Greg Long on National Geographic Live
National Geographic live featuring Greg Long, big waver.

Inspiration: Big-Waver Greg Long Talks Fear

Everything you wanted to know about staring fear in the eyeballs and… stabbing it!

False evidence appearing real. What an empty fucking platitude. Sure, it applies to your mundane social construct terrors; like public speaking, or dancing, or just dealing with strangers who are interested in your whole trip, but falling apart over that type of shit is more manifestation of cowardice than healthy instinct for self preservation.

Maybe I just don’t get it, though. Hand me a mic and I’ll happily yammer at a room full of strangers for hours. I don’t care if people are interested in what I’m saying, just look at me. Look at me! Watch me dance! Pay attention to me!

But real fear is out there. Putting your body on the line, confronting your mortality, driving on the 405 freeway after the better part of a decade in Hawaii. Scary shit, all of it.

Because of the whole surf writer thing, and because I live where I do, I’ve been tapped a fair amount of times to interview big wave surfers. Lots of ego going on there, though understandable, and forgivable, given what they do for work.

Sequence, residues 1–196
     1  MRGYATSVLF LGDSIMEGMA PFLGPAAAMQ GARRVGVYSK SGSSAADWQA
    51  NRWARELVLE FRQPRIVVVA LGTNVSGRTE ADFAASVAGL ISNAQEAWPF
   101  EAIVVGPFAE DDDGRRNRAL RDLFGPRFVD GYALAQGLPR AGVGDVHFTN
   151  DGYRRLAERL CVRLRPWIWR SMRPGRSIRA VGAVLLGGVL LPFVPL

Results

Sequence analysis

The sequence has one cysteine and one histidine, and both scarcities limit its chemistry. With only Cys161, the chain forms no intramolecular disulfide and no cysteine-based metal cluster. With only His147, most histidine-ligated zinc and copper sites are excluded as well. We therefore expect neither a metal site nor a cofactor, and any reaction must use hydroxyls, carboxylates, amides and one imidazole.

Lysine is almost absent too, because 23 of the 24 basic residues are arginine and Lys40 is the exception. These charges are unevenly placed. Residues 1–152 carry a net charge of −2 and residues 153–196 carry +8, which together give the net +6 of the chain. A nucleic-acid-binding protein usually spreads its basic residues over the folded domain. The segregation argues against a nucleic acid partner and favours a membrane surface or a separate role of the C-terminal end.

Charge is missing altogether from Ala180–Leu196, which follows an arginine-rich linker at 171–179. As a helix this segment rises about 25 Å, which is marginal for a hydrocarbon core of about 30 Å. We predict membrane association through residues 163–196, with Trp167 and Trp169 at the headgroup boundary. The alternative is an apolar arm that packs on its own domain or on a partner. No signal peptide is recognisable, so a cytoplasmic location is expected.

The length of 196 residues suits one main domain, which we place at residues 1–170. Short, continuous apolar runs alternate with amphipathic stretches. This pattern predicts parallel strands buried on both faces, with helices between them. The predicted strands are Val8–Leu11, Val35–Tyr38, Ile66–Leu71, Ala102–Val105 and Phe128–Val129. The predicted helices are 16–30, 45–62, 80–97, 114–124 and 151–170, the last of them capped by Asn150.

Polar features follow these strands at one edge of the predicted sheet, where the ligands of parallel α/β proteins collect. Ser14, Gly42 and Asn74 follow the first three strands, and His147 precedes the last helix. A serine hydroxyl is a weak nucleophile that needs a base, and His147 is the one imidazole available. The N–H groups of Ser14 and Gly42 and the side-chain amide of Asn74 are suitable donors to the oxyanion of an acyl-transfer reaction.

You’ve gotta have a relatively high opinion of yourself to hurl your body over a fifty-foot ledge on a regular basis. That thin line between self confidence and arrogance is defined by doing. We all love to hate on Laird, but I can’t think of a single time his mouth wrote a check that his ass didn’t cash.

They all talk about their fear. It sells well, it humanizes, it plays with humility. But I’ve never believed it to be true.

Fear’s a sliding scale, and if you’re doing things right it’s different day to day. As an eight-year-old confronting chest high shore pound my knees were weak. As a grown man with decades of experience it ain’t nothing no more.

I was a fearful child, and remained so into early adulthood. What might happen, what could be, was an ever lurking horror beneath my bed. Consequences, failures, humiliation; bugaboos so abhorrent they’d freeze me in my tracks.

I found a switch, it turns emotion into emptiness. We all have it, it’s just a matter of learning where it lies and how it flips.

It’s not that you don’t feel fear, it’s that you don’t feel anything. In that moment your mind is blessedly free. In a heartbeat you attain an emptiness that the unenlightened achieve by decades of chanting into a void.

You may end up broken, or beaten, or spend years analyzing a failed moment that is the culmination of years of preparation. But that really doesn’t matter.

What matters is that split second when your every instinct screamed, “STOP!” but you went anyway.